For many mums the isolation of the pandemic has exacerbated mental health issues, cutting them off from the support of friends, family, celebrations and all the normal mother and baby groups.

Current regulations restrict one parent visiting Hywel Dda's special care baby unit for any length of time, and two parents to visit for up to an hour a day.

Mums are parenting at home alone with nobody to see how hard they are working, what a good job they are doing or even anyone telling them how beautiful their baby is.

Mandy Rayani, Executive Director of Nursing, Quality and Patient Experience, said: “We recognise that this is a difficult time for parents and being together as a family is a special time, especially when babies have been born prematurely.

“Currently, the visiting arrangements are that one parent can visit our Special Care Baby Unit (SCBU) on their own at any time and for any length of time.

"Both parents can visit the unit together for an hour once a day.

"Parents are required to liaise with SCBU staff directly about their visiting plans to ensure the continued safety and protection of patients, parents and staff.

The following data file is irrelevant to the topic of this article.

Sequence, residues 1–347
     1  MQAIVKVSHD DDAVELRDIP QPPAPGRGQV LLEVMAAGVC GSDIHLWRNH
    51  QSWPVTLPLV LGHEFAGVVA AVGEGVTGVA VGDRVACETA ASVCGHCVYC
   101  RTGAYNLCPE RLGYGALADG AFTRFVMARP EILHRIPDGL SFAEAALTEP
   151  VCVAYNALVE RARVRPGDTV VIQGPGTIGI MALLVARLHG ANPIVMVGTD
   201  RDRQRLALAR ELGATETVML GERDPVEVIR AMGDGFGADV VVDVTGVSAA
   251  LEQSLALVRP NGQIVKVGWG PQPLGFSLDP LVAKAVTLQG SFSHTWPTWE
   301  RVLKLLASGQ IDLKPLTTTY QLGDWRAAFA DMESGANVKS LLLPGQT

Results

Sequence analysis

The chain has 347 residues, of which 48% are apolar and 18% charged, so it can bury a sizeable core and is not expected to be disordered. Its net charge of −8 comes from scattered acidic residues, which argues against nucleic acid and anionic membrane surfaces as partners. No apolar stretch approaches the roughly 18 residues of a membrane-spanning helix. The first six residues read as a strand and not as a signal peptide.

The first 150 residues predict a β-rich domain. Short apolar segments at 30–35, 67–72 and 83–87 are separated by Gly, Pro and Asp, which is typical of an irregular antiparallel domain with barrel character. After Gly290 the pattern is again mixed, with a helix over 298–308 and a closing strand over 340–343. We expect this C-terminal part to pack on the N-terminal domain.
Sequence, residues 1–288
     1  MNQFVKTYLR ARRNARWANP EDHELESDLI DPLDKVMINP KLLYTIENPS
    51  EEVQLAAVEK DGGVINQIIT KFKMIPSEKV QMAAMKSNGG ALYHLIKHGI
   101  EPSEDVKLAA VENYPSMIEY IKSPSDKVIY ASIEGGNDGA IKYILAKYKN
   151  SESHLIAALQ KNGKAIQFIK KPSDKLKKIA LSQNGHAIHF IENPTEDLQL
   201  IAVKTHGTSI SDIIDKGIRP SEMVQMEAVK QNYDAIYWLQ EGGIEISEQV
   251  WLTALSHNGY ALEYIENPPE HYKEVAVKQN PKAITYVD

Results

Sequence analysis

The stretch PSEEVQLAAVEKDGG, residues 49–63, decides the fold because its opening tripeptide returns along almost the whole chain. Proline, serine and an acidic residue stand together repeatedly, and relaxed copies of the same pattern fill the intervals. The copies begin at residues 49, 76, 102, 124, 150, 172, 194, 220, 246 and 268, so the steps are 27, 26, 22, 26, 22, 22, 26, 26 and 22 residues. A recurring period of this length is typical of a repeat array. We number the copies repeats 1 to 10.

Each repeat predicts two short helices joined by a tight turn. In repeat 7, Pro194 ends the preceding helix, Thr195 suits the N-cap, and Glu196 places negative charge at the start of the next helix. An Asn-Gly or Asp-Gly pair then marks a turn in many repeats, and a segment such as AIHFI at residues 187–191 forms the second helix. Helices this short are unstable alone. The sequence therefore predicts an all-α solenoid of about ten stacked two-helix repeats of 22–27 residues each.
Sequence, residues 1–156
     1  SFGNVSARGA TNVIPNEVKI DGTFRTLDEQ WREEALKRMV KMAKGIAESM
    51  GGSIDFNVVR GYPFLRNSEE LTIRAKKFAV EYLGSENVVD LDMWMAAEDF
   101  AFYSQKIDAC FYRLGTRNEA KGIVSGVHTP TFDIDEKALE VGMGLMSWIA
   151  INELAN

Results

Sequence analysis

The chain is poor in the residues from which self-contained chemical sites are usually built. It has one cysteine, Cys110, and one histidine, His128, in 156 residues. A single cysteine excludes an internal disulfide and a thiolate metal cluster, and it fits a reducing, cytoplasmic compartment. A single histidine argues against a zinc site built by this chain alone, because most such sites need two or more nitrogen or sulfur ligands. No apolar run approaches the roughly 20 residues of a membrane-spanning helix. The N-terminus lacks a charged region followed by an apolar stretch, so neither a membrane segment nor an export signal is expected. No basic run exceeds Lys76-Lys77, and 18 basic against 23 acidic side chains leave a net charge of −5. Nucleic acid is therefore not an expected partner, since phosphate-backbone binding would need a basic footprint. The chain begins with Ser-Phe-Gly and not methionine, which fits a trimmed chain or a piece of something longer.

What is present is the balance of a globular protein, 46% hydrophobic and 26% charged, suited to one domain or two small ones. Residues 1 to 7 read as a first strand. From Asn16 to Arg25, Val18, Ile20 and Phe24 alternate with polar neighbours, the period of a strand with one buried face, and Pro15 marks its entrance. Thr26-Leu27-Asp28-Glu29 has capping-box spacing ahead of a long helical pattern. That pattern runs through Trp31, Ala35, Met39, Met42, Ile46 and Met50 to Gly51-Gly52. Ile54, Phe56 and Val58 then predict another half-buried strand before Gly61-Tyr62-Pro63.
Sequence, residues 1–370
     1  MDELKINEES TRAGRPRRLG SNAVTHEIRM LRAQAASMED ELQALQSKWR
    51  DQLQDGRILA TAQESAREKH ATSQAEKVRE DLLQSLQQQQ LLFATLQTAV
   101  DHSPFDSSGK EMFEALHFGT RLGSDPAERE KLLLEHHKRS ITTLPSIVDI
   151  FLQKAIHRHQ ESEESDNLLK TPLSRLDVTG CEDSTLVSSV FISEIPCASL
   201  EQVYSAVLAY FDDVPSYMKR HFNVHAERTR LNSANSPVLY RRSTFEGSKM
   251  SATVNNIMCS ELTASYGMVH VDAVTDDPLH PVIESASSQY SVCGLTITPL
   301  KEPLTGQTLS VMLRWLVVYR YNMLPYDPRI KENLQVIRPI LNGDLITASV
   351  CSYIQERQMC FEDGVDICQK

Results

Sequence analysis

“We are working with our health and safety team to ensure that any change to the current arrangements is safe to do within our environments, taking into consideration social distancing, use of face coverings and hand hygiene. Any changes that are made will be small to begin with and reflect the cautiousness of our return to full visiting arrangements.”

Half of all women live with some form of mental health issue during pregnancy and/or the first year after birth from depression, anxiety, and low mood to bonding difficulties, birth trauma, intrusive thoughts, and psychosis.

Becoming a mum can be a difficult at the best of times with the day-to-day realities of sleep deprivation, 24/7 babycare, the loneliness of being at home alone and the pressure of “getting back to normal” clashing with new mums expectations of baby bliss.